[2] I love me a day trip, so I jumped at the chance to fit one in before my sister and I returned to school earlier this week. My family and I decided to visit Colt State Park, a gorgeous – and large! – park in Bristol, Rhode Island. As we’ve only previously gone to it in warmer weather {it’s where, in fact, my sister Lulu snapped my senior photos}, it was a refreshing change of pace – and gave us good reason to stop into the Beehive Cafe for a brownie and hot chocolate afterwards. I’ve decided to forgo the resolution making this year beyond choosing my annual word, but if 2017 brings more frequent, fun trips like this one, I’ll be a happy camper.

[3] Thirdly, friends, believe the hype: La La Land is as wonderful as promised. Set against the loud and vivid backdrop of Los Angeles, the film follows two artists: Mia, played by Emma Stone, who works on the Warner Bros. set while dreaming of starring in a movie of her own, and Sebastian, Ryan Gosling’s character, whose dreams of owning a jazz club have not yet met reality. My sister, my mom, and I caught it on Christmas day, and I was mesmerized from beginning, where it opens in song and dance on the highway, to the end, a testament to not only the work of the actors, but the director, composer, cinematographer, and production designer as well. I’d happily see it again, but in the meantime, I’ve been listening to the soundtrack on repeat and have been on the search for a copy of Damien Chazelle’s first movie, Guy and Madeline on a Park Bench. Do you want to see La La Land?

[4] If there’s one thing to love about the winter weather {in addition to snow days, of course}, it’s the opportunity to hold many a movie night and television show marathon. Over my holiday break, my sister and I watched and caught up on a number of shows – This is Us or The Fosters, anyone? – but one of my new favorites is The Good Place, which first premiered on NBC in the fall. Starring Ted Danson and Kristen Bell, the show is whimsical and humorous take on the afterlife, in which you land in the “good” or “bad” place based on the sum of the actions you take in life. The stellar cast is supported by a team of brilliant writers, and after watching all ten episodes available in a matter of days, my sister and I have come to the same conclusion: if you need a laugh, The Good Place is the show to watch. Episodes only just yesterday started airing again, so if you too are looking to catch up, this weekend would be the perfect time.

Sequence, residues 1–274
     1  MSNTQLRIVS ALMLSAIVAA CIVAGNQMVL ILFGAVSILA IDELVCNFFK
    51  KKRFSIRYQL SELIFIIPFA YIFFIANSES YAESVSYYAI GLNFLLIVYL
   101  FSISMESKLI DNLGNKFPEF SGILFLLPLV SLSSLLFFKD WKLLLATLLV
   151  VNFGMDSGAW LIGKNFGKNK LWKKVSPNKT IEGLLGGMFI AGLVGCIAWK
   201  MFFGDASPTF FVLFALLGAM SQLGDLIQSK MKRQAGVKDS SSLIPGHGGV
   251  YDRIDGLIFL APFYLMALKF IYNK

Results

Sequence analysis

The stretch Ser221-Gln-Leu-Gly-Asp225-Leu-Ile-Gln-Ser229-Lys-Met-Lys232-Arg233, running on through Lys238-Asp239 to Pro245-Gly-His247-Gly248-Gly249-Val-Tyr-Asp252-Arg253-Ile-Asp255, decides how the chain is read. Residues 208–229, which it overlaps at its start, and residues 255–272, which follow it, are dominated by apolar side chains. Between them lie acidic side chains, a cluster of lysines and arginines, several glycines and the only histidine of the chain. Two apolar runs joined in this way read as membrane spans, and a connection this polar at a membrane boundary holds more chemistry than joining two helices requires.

[5] Finally, it’s from one holiday to the next at Boden, but I’m not one to complain: I adore so many pieces in their new spring line! Rolled out earlier this week, the collection plays well with color and pattern {for examples, I particularly like this swan-dotted dress and this quirky Breton} and, in many pieces, evokes a retro vibe {I think this sweater would look so cute with jeans come spring}. I won’t be purchasing anything so soon after Christmas, but I’ll have a few things to put my tutoring money towards later in the year :) Are you ready for a wardrobe change, or are you content with sweaters and layers for the next few months?

Have the most wonderful Friday!

Top Fifteen Debuts of 2017

Hello, and happy Tuesday!

Top Ten TuesdayI’m a broken record at this point, but The Top Ten Tuesdays around the new year are some of my favorites, as they provide an opportunity to look ahead to some of the year’s best releases, a chance I’ll gladly take advantage of, any time of year. I won’t dilly-dally much longer, as you surely know the drill by now: this week’s prompt is Top Debuts of 2017, this fun feature is hosted by the lovely bloggers at The Broke and the Bookish, and I’m curious: what debuts are you excited for?

one-of-us-is-lyingThe Breakfast Club meets Pretty Little Liars? Karen M. McManus’ debut already had me interested with that comparison, a fact that held true as I read over the synopsis. One of Us is Lying sounds like the a perfect read for this mystery fan, with an unexpected murder, unreliable narrators, and juicy motives. Its May release date begs the question: what better graduation present than a new book? {out May 30}

how-to-break-a-boyComplex characters are my jam, and it sounds like the protagonist of Laurie Devore’s How to Break a Boy is a prime example. Olivia is a self-proclaimed “mean girl,” using manipulation – as in, have a fake boyfriend manipulation – in an effort to get back at her former best friend. I’ve already have this one on hold at my local library, because any revenge book makes an excellent snow day read. {out January 31}

youre-welcome-universeI’d read Whitney Gardner’s You’re Welcome Universe on its synopsis alone – there’s not nearly enough deaf representation in young adult books, and I’m not one to resist a story of a graffiti war – but that the author included illustrations throughout the book sealed the deal. Gardner’s art is lovely {pop over here for a perfect example} which means that we readers are in for a treat. {out March 7}